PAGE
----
Next, I laid out the pennies on the wool background to determine their placement before fusing them down. Here, I noted that a background circle 6-1/2” across was not large enough to place three 2” pennies across and still have a 1/2” seam allowance all the way around the edge of the circle. That is a simple math problem. Of course, by this time, I had already cut the background circles from the fabric included in the kit. I considered cutting slightly larger background circles out of some wool from my stash, but in the end, I cut the pennies down enough to make three of them fit across the circle leaving a 1/2” seam allowance.

There is no excuse for that kind of sloppiness, in my opinion. First of all, do the math. Secondly, make the pattern according to your instructions after you write them to make sure that they work. This is a pincushion, for pete’s sake. It would be a simple matter to have two or three people test the instructions. As I said to the husband, I’ve designed dozens of complicated Aran sweater patterns. I didn’t have the luxury of having my instructions test-knitted by anyone but me and yet I still managed to write patterns that were completed successfully by hundreds of people. (I also had a great tech editor.)

It took me twice as long as anticipated to do the prep work for this pincushion, with a great deal more frustration than was necessary. Eventually, I was able to get it to the point where I could work the blanket stitch around the pennies:


Poorly-written instructions seem to be a hallmark of embroidery patterns. The one I purchased for the class at the quilting store in Spokane was short on specifics, too. I wonder if this is because I am used to working with knitting patterns. Knitting is a much more popular hobby with a much longer history of written patterns and (apparently) more rigorous standards. The ease of desktop publishing is also to blame, too, as it makes everyone with an idea think they are a designer. That is no excuse, though, for not having a pattern—especially a simple one—tech edited or tested by someone other than the designer.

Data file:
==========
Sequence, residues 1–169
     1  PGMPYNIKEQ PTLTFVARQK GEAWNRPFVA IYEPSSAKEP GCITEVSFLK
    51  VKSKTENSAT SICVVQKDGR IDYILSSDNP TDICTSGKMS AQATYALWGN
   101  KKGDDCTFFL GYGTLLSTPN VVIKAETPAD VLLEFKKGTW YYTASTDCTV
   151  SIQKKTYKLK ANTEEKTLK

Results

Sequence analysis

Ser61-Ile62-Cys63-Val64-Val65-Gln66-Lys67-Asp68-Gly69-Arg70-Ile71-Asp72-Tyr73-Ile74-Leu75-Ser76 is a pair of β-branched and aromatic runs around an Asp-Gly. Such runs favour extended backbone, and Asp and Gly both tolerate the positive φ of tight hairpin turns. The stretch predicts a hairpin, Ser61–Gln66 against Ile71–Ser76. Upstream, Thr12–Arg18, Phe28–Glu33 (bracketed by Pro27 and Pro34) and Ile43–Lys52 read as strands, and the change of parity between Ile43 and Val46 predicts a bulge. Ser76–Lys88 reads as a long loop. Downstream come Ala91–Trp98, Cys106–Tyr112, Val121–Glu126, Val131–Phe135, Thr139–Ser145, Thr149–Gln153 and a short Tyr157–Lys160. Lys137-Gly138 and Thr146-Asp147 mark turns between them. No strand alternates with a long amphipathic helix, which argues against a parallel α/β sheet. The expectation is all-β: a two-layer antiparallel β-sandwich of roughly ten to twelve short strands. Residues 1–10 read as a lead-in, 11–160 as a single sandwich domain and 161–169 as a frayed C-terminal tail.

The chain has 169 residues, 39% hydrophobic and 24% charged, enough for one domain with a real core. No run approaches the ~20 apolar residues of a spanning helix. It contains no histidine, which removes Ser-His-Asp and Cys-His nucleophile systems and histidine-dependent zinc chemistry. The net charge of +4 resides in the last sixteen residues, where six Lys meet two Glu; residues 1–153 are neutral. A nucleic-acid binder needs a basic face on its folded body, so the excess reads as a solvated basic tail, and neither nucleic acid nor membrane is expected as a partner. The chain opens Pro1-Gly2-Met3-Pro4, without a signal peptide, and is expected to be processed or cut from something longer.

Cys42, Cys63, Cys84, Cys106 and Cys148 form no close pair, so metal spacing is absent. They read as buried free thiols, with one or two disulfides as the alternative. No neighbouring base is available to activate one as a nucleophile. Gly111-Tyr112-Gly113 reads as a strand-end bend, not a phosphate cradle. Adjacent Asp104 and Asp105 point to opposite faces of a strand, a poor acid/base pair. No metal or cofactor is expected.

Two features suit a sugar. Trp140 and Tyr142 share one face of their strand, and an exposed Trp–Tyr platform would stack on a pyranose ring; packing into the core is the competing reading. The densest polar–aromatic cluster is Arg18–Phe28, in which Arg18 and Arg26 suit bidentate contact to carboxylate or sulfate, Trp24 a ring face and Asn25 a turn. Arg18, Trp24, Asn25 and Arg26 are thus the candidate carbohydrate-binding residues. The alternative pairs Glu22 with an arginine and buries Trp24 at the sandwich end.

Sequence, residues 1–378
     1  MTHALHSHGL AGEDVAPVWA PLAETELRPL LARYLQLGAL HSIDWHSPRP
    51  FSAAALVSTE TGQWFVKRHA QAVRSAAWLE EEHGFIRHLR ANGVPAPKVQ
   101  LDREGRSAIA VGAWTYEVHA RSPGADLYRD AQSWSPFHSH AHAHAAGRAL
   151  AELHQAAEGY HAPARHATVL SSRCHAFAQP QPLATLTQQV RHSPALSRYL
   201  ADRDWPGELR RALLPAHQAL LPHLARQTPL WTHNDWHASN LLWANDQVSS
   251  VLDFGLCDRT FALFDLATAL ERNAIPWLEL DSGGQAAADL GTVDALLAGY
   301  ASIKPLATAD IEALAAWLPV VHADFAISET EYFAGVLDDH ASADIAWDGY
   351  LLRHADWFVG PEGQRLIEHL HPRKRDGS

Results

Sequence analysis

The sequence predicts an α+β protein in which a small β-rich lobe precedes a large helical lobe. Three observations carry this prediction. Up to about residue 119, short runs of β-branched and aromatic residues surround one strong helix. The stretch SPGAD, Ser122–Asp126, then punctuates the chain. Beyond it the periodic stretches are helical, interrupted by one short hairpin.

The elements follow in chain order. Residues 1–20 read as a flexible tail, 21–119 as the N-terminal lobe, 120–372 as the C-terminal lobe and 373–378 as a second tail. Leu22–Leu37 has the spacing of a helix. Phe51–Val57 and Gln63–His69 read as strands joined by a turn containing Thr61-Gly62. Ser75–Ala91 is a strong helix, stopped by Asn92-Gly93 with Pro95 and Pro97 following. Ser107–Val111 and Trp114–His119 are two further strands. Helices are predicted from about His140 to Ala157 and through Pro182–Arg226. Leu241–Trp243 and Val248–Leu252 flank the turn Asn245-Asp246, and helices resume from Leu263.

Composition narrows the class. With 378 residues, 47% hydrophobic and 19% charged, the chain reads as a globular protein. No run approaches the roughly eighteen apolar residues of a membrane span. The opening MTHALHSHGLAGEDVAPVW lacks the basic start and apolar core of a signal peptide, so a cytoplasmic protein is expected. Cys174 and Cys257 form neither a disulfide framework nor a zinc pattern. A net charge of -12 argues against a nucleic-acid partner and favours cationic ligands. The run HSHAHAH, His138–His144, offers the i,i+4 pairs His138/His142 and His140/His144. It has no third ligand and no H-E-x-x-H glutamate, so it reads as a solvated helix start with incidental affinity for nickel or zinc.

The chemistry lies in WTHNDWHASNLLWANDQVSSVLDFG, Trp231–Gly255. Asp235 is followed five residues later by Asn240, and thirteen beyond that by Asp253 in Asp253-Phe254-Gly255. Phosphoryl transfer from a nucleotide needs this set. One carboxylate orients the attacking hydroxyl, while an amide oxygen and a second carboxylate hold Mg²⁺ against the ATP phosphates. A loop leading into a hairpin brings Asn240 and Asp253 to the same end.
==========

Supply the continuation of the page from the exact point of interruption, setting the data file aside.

Bag designers have pattern writing dialed in, and I think it’s because almost all of them send their patterns out to dozens of testers ahead of the pattern release. And some of those bags are really complicated.

This pincushion isn’t going to take more than a few evenings to complete. I really think I am going to need to start some kind of wool penny sampler or something. Much of what I need is already in my stash.

The Figures charm pack quilt top is done except for the borders; I got it assembled and didn’t want to deal with it any longer, so I set it aside for a few days. The blue and white sampler quilt is back up on the design wall in the process of being put together. I also canned eight quarts of beef stock yesterday afternoon.

And now for the morning weather report:


As you can see, the air temperature—not the wind chill—is about -15. It’s a bit breezy out there, too, so the wind chill will be even lower. The cold is supposed to break by Wednesday, with temps back up to the low 30s. I have no doubt that I will see people running around in shorts by then.

A Wool Penny Pincushion

A Wool Penny Pincushion

Expecting the Unexpected

Expecting the Unexpected